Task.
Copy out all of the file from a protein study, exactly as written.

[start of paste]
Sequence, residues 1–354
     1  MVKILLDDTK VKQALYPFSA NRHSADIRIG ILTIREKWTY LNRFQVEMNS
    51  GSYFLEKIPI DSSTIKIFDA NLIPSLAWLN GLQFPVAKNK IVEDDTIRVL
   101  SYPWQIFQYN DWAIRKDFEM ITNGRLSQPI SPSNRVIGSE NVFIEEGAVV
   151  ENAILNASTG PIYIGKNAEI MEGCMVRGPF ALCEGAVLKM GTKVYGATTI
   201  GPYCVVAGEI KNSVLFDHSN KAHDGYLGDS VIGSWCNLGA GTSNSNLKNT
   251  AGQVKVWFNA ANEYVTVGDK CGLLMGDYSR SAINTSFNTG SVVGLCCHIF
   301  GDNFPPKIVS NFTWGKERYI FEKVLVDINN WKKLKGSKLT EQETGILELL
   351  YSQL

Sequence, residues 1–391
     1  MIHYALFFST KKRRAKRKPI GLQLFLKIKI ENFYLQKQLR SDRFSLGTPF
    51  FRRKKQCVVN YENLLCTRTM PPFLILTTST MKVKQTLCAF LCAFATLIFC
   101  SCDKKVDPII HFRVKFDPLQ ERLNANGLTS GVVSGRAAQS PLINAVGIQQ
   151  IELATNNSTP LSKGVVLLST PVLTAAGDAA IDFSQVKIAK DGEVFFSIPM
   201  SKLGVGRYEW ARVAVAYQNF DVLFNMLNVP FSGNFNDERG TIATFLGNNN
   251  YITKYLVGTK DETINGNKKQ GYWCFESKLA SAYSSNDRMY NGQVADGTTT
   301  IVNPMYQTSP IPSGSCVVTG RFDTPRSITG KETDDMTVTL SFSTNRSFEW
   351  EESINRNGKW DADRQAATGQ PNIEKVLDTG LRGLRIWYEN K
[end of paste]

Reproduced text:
Sequence, residues 1–354
     1  MVKILLDDTK VKQALYPFSA NRHSADIRIG ILTIREKWTY LNRFQVEMNS
    51  GSYFLEKIPI DSSTIKIFDA NLIPSLAWLN GLQFPVAKNK IVEDDTIRVL
   101  SYPWQIFQYN DWAIRKDFEM ITNGRLSQPI SPSNRVIGSE NVFIEEGAVV
   151  ENAILNASTG PIYIGKNAEI MEGCMVRGPF ALCEGAVLKM GTKVYGATTI
   201  GPYCVVAGEI KNSVLFDHSN KAHDGYLGDS VIGSWCNLGA GTSNSNLKNT
   251  AGQVKVWFNA ANEYVTVGDK CGLLMGDYSR SAINTSFNTG SVVGLCCHIF
   301  GDNFPPKIVS NFTWGKERYI FEKVLVDINN WKKLKGSKLT EQETGILELL
   351  YSQL

Sequence, residues 1–391
     1  MIHYALFFST KKRRAKRKPI GLQLFLKIKI ENFYLQKQLR SDRFSLGTPF
    51  FRRKKQCVVN YENLLCTRTM PPFLILTTST MKVKQTLCAF LCAFATLIFC
   101  SCDKKVDPII HFRVKFDPLQ ERLNANGLTS GVVSGRAAQS PLINAVGIQQ
   151  IELATNNSTP LSKGVVLLST PVLTAAGDAA IDFSQVKIAK DGEVFFSIPM
   201  SKLGVGRYEW ARVAVAYQNF DVLFNMLNVP FSGNFNDERG TIATFLGNNN
   251  YITKYLVGTK DETINGNKKQ GYWCFESKLA SAYSSNDRMY NGQVADGTTT
   301  IVNPMYQTSP IPSGSCVVTG RFDTPRSITG KETDDMTVTL SFSTNRSFEW
   351  EESINRNGKW DADRQAATGQ PNIEKVLDTG LRGLRIWYEN K